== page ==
Pale-capped pigeon (Columba punicea)

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Pale-capped pigeon in flight
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Pale-capped pigeon fact file

Pale-capped pigeon description

KingdomAnimalia
PhylumChordata
ClassAves
OrderColumbiformes
FamilyColumbidae
GenusColumba (1)

A strong, swift flier (2), the pale-capped pigeon (Columba punicea) was once common throughout much of Southeast Asia, but is now in decline (3).

The plumage of the male pale-capped pigeon includes the pale grey crown that gives rise to this species’ common name. The upperparts are generally deep purplish-maroon, changing to a faint green on the neck. The wings and tail are largely blackish, and the underparts are light brown. The eyes and the base of the bill are ringed with vibrant red (3).

The female pale-capped pigeon is smaller than the male and, like the juvenile, is much duller. The plumage is browner all over, and the head is a much darker brown-grey (2).

Also known as
purple wood-pigeon.
Size
Male length: 40.5 cm (2)
Female length: 36 cm (2)
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Pale-capped pigeon biology

Foraging for food both in the trees and on the ground, the main component of the pale-capped pigeon’s diet is fruit found within the forest, such as figs and berries (4). Seeds and grain are also important (3), and it can be seen feeding in rice fields after the harvest (2). It has also been known to eat grit, which helps to grind up food in the stomach (4). The pale-capped pigeon is typically observed individually, or in very small flocks (2).

The pale-capped pigeon lays eggs between May and June in India and Myanmar, and a few months earlier in Laos and Vietnam (4). The nest is constructed in a small bush or tree, about two to three metres off the ground, and is made from twigs and sticks picked from the forest floor (2). Only a single egg is normally laid, occasionally there may be two (2). Both the male and female bird incubate the eggs (4).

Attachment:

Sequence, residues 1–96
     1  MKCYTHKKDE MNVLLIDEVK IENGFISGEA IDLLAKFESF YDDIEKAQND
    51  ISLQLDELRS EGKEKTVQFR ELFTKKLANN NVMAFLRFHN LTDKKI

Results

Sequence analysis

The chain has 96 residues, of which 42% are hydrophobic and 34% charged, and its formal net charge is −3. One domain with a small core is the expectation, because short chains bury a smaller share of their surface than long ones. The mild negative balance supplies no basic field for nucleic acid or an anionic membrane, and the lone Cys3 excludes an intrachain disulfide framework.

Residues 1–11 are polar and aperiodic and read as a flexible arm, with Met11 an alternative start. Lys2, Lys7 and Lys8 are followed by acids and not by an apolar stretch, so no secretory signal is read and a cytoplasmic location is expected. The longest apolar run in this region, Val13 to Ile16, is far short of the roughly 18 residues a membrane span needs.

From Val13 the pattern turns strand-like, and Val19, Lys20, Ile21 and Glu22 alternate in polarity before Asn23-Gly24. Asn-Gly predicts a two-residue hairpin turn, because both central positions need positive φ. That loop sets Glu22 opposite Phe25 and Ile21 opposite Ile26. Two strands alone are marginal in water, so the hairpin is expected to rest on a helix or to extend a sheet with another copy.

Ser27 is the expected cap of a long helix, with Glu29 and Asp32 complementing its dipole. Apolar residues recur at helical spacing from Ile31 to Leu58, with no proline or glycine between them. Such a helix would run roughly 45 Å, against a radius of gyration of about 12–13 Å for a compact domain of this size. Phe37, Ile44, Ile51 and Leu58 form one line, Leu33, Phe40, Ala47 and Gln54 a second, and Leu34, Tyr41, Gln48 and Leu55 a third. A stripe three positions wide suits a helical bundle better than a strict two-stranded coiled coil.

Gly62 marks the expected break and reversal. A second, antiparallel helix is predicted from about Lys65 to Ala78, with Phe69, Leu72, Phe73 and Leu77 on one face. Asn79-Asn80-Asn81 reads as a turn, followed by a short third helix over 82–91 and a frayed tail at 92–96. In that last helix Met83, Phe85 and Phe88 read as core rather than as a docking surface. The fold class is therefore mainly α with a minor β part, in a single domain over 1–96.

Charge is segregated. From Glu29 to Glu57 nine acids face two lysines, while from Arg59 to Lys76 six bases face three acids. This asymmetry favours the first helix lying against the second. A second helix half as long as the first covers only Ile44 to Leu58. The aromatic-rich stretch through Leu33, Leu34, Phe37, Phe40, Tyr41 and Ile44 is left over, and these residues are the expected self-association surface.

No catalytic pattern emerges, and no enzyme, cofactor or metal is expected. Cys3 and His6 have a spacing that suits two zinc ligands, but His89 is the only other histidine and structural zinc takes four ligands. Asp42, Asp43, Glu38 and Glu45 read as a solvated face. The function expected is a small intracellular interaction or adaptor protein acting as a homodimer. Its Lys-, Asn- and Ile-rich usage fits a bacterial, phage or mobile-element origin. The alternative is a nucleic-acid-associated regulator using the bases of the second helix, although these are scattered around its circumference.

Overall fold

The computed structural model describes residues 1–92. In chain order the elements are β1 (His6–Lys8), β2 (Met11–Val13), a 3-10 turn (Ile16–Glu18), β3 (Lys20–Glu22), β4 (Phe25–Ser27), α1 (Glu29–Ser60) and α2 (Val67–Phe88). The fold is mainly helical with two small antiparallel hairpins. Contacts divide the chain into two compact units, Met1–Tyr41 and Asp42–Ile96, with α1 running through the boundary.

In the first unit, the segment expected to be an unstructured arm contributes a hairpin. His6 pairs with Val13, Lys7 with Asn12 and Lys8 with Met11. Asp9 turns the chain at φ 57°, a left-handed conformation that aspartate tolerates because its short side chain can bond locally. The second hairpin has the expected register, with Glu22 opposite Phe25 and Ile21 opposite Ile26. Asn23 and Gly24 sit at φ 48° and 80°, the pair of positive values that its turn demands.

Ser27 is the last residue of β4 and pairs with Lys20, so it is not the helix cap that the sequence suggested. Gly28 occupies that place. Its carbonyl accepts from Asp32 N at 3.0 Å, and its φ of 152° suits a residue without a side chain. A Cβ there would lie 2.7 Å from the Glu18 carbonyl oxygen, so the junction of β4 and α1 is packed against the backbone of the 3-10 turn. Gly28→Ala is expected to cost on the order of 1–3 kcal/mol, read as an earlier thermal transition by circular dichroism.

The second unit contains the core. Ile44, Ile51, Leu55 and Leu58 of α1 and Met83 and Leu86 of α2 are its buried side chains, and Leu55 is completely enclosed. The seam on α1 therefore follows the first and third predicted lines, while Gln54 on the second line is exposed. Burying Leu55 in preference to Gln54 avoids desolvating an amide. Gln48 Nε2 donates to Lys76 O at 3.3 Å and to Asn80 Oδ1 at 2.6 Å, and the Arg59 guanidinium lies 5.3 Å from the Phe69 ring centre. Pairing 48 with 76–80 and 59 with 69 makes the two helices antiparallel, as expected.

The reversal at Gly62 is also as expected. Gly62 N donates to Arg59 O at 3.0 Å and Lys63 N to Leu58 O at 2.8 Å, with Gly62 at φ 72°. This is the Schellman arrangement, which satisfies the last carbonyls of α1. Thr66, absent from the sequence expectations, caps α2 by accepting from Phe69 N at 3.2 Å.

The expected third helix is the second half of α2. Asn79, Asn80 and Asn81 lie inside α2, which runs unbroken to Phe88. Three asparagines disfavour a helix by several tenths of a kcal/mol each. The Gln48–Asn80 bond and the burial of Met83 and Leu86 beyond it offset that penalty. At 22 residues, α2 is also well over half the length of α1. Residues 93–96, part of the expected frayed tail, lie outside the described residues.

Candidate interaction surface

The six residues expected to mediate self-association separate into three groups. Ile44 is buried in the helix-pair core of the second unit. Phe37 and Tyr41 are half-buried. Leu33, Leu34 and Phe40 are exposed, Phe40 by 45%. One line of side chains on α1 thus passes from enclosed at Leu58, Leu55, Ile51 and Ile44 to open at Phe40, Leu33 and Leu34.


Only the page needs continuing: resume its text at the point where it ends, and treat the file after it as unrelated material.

Throughout much of its range, the pale-capped pigeon is thought to be seasonally nomadic, living in some regions for only part of the year before migrating elsewhere to breed (4). This could be due to the seasonal availability of food in different areas throughout the year (3).

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Pale-capped pigeon range

The pale-capped pigeon occurs in scattered populations in Southeast Asia. Its range includes parts of northern India, Bangladesh, Myanmar, Thailand, Laos, Cambodia and Vietnam (3).

Historical records indicate that the pale capped pigeon was once also found in China, but there are no recent records of this species occurring there (3).

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Pale-capped pigeon habitat

The pale-capped pigeon occurs in a large variety of habitats, from coastal lowland areas, to high mountainous regions at elevations of up to 1,600 metres above sea level (4).

It occurs mainly in primary and secondary evergreen forest (4), although it has also been seen in deciduous forest, bamboo and agricultural fields (3). It has been recorded close to rivers (5), in mangrove forest, and on small forested islands (3).

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Pale-capped pigeon status

The pale-capped pigeon is classified as Vulnerable (VU) on the IUCN Red List (1).

IUCN Red List species status – Vulnerable

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Pale-capped pigeon threats